Muntané G, Vázquez-Bourgon J, Sada E, Martorell L, Papiol S, Bosch E, Navarro A, Crespo-Facorro B, Vilella E
Background: Individuals with a first episode of psychosis (FEP) show rapid weight gain during the first months of treatment, which is associated with a reduction in general physical health. Although genetics is assumed to be a significant contributor to weight gain, its exact role is unknown.
Methods: We assembled a population-based FEP cohort of 381 individuals that was split into a Training (n = 224) set and a Validation (n = 157) set to calculate the polygenic risk score (PRS) in a two-step process. In parallel, we obtained reference genome-wide association studies for body mass index (BMI) and schizophrenia (SCZ) to examine the pleiotropic landscape between the two traits. BMI PRSs were added to linear models that included sociodemographic and clinical variables to predict BMI increase (∆BMI) in the Validation set.
Results: The results confirmed considerable shared genetic susceptibility for the two traits involving 449 near-independent genomic loci. The inclusion of BMI PRSs significantly improved the prediction of ∆BMI at 12 months after the onset of antipsychotic treatment by 49.4% compared to a clinical model. In addition, we demonstrated that the PRS containing pleiotropic information between BMI and SCZ predicted ∆BMI better at 3 (12.2%) and 12 months (53.2%).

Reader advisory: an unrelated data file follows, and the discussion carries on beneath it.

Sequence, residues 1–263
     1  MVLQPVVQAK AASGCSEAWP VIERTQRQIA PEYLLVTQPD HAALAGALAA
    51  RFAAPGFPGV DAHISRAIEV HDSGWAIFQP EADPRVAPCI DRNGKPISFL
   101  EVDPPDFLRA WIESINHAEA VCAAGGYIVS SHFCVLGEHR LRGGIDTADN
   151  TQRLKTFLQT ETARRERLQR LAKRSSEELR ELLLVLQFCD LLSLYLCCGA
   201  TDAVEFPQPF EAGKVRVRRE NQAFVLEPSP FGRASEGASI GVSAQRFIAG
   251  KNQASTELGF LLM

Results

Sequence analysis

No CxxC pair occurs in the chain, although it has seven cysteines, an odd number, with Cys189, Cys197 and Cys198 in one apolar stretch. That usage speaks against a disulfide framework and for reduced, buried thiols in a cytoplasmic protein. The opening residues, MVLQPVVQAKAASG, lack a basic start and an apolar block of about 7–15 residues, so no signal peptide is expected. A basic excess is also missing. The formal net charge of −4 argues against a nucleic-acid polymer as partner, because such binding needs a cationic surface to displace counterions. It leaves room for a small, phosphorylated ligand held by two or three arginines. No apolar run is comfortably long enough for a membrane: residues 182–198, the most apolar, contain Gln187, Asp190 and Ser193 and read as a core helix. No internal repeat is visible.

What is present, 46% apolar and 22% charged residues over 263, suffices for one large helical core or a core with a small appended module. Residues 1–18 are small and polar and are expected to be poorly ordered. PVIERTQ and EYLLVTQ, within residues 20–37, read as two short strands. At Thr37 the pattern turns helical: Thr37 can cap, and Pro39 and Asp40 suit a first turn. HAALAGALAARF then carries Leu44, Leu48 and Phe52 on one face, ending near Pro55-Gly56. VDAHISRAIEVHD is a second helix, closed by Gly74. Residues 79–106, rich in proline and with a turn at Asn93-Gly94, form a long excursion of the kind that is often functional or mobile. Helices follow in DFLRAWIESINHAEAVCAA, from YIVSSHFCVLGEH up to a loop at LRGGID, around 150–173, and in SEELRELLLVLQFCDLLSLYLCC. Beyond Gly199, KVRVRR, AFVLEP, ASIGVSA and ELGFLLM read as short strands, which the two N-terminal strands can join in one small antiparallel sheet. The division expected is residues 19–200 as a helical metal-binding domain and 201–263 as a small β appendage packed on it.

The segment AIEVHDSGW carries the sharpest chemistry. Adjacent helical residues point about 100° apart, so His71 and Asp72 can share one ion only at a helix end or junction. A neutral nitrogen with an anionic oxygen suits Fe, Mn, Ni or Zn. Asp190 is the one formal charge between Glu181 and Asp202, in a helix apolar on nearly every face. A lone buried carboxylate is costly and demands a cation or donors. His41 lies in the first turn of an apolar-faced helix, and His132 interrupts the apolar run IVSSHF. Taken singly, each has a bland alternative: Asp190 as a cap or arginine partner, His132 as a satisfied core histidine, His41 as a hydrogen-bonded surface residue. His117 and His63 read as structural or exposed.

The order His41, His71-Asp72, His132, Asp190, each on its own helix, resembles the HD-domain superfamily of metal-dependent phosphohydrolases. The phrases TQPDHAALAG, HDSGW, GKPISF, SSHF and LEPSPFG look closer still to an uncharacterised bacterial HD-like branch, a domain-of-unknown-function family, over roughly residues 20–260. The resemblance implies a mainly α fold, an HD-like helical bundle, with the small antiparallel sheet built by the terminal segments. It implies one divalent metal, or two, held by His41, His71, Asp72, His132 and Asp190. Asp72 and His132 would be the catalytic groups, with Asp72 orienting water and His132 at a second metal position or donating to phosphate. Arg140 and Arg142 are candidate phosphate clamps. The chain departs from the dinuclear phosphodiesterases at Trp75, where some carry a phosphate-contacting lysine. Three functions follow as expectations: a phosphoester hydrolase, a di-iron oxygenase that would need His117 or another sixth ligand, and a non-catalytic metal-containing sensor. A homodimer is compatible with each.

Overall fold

Conclusions: We prove for the first time that genetic factors play a key role in determining ∆BMI during the FEP. This finding has important clinical implications for the early identification of individuals most vulnerable to weight gain and highlights the importance of examining genetic pleiotropy in the context of medically important comorbidities for predicting future outcomes.
Muntané G, Vázquez-Bourgon J, Sada E, Martorell L, Papiol S, Bosch E, Navarro A, Crespo-Facorro B, Vilella E. Polygenic risk scores enhance prediction of body mass index increase in individuals with a first episode of psychosis. Eur Psychiatry. 2023 Feb 28;66(1):e28. doi: 10.1192/j.eurpsy.2023.9. PMID: 36852609; PMCID: PMC10044301.